Jun 15 2022

OPINION: Housing Element NOT Ready for Council: State Extension is to May 2023, NOT June 2022

One of the missing puzzle pieces from the Piedmont Housing Element is an analysis of the potential for Senate Bill 9 (SB 9) to add new housing to Piedmont over the next 8 years.

In short, SB 9 allows property owners with lots of a certain size to subdivide and add two units on the new lot with virtually no restrictions from the municipal authority.  There are many of these lots in Piedmont’s Zones A and E and their development under SB 9 could contribute significantly to meeting the goal of 587 units by 2031.

This type of housing growth is new and in March 2022 the Department of Housing and Community Development (HCD), the state agency in charge of setting the 2031 housing goals, published guidance on how cities can develop projections for SB 9 growth to include in their 2023 Housing Elements.  That guidance states:

“To utilize projections based on SB 9 toward a jurisdiction’s regional housing need allocation, the housing element must: 1) include a site-specific inventory of sites where SB 9 projections are being applied, 2) include a non-vacant sites analysis demonstrating the likelihood of redevelopment and that the existing use will not constitute an impediment for additional residential use, 3) identify any governmental constraints to the use of SB 9 in the creation of units (including land use controls, fees, and other exactions, as well as locally adopted ordinances that impact the cost and supply of residential development), and 4) include programs and policies that establish zoning and development standards early in the planning period and implement incentives to encourage and facilitate development. The element should support this analysis with local information such as local developer or owner interest to utilize zoning and incentives established through SB 9.”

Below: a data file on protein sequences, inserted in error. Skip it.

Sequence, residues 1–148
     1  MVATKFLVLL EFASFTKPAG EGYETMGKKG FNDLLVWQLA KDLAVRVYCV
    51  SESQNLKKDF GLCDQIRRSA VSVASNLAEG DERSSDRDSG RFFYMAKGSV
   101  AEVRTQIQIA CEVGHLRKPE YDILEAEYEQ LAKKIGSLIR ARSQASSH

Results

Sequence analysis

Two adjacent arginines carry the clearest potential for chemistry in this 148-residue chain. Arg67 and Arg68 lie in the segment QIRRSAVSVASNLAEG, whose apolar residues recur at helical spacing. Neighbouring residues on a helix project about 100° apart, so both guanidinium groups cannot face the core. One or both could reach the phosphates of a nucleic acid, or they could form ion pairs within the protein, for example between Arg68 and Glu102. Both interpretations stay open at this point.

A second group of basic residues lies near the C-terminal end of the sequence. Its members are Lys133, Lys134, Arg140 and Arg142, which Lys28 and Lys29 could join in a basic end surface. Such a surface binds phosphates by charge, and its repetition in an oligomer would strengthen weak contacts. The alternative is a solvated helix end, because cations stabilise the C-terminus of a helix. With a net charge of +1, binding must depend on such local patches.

SB 9 Fact Sheet

Several Bay Area cities are following this guidance and including SB 9 projections in their Housing Elements. The City of Atherton projects 80 units over the next 8 years based on limited community input and a GIS analysis of large lots in their community (see page 72 of the draft Atherton Housing Element).  Larkspur is conducting a survey of property owners to gauge their interest in developing their property ( Larkspur Property Owner Survey).  The City of Ross is also considering including an SB 9 analysis in its Housing Element  (Ross Housing Element).   Housing advocates are calling on cites to include SB 9 projections in their housing elements as well.  A letter sent to the City of Piedmont from East Bay for Everyone and the Greenbelt Alliance states:

“The Draft Housing Element states that the city plans to “Amend the Zoning Ordinance to encourage large lot splits under SB 9 by early 2027”.  Piedmont’s primary method of building new Moderate and Above-Moderate Income housing may well be lot splits and duplexes on existing lots, which makes this an unreasonable time frame. The City should go further than SB9 requires and allow for building housing in Zones A and E, such as fourplexes, six-plexes, Cottage Courts, Townhouses, and similar building styles. We believe that allowing the construction of fourplexes and six-plexes will increase the likelihood of development on each site and lower the price per square foot of the new homes, which will make them available to a wider range of people. Adding more units per lot will increase the amount of tax revenue and impact fees the city collects, which will make it easier to construct subsidized affordable housing on other sites in the inventory.”